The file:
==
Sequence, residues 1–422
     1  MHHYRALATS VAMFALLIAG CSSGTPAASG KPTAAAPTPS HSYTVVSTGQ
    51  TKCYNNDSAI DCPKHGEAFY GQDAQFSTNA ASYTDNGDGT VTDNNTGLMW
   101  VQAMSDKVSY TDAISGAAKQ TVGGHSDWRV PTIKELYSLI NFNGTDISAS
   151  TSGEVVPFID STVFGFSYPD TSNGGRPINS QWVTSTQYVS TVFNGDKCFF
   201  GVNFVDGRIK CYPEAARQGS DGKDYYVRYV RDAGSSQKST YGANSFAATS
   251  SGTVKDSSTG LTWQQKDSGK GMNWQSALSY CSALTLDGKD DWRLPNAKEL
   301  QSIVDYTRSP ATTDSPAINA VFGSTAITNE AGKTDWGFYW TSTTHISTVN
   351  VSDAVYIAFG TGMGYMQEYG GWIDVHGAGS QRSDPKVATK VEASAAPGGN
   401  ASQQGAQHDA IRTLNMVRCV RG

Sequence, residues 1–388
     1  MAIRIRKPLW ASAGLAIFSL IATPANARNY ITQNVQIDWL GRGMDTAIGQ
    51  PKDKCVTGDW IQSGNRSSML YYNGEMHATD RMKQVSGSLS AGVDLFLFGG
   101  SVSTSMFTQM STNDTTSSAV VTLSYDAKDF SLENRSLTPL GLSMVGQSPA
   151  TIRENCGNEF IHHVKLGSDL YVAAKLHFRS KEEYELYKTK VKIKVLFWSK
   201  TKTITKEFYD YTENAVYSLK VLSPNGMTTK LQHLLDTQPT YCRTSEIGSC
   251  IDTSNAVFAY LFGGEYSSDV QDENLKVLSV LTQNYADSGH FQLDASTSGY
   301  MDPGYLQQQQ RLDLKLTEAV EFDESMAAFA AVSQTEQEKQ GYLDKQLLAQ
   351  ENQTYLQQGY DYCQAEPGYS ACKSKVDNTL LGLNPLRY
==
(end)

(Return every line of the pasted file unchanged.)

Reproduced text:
Sequence, residues 1–422
     1  MHHYRALATS VAMFALLIAG CSSGTPAASG KPTAAAPTPS HSYTVVSTGQ
    51  TKCYNNDSAI DCPKHGEAFY GQDAQFSTNA ASYTDNGDGT VTDNNTGLMW
   101  VQAMSDKVSY TDAISGAAKQ TVGGHSDWRV PTIKELYSLI NFNGTDISAS
   151  TSGEVVPFID STVFGFSYPD TSNGGRPINS QWVTSTQYVS TVFNGDKCFF
   201  GVNFVDGRIK CYPEAARQGS DGKDYYVRYV RDAGSSQKST YGANSFAATS
   251  SGTVKDSSTG LTWQQKDSGK GMNWQSALSY CSALTLDGKD DWRLPNAKEL
   301  QSIVDYTRSP ATTDSPAINA VFGSTAITNE AGKTDWGFYW TSTTHISTVN
   351  VSDAVYIAFG TGMGYMQEYG GWIDVHGAGS QRSDPKVATK VEASAAPGGN
   401  ASQQGAQHDA IRTLNMVRCV RG

Sequence, residues 1–388
     1  MAIRIRKPLW ASAGLAIFSL IATPANARNY ITQNVQIDWL GRGMDTAIGQ
    51  PKDKCVTGDW IQSGNRSSML YYNGEMHATD RMKQVSGSLS AGVDLFLFGG
   101  SVSTSMFTQM STNDTTSSAV VTLSYDAKDF SLENRSLTPL GLSMVGQSPA
   151  TIRENCGNEF IHHVKLGSDL YVAAKLHFRS KEEYELYKTK VKIKVLFWSK
   201  TKTITKEFYD YTENAVYSLK VLSPNGMTTK LQHLLDTQPT YCRTSEIGSC
   251  IDTSNAVFAY LFGGEYSSDV QDENLKVLSV LTQNYADSGH FQLDASTSGY
   301  MDPGYLQQQQ RLDLKLTEAV EFDESMAAFA AVSQTEQEKQ GYLDKQLLAQ
   351  ENQTYLQQGY DYCQAEPGYS ACKSKVDNTL LGLNPLRY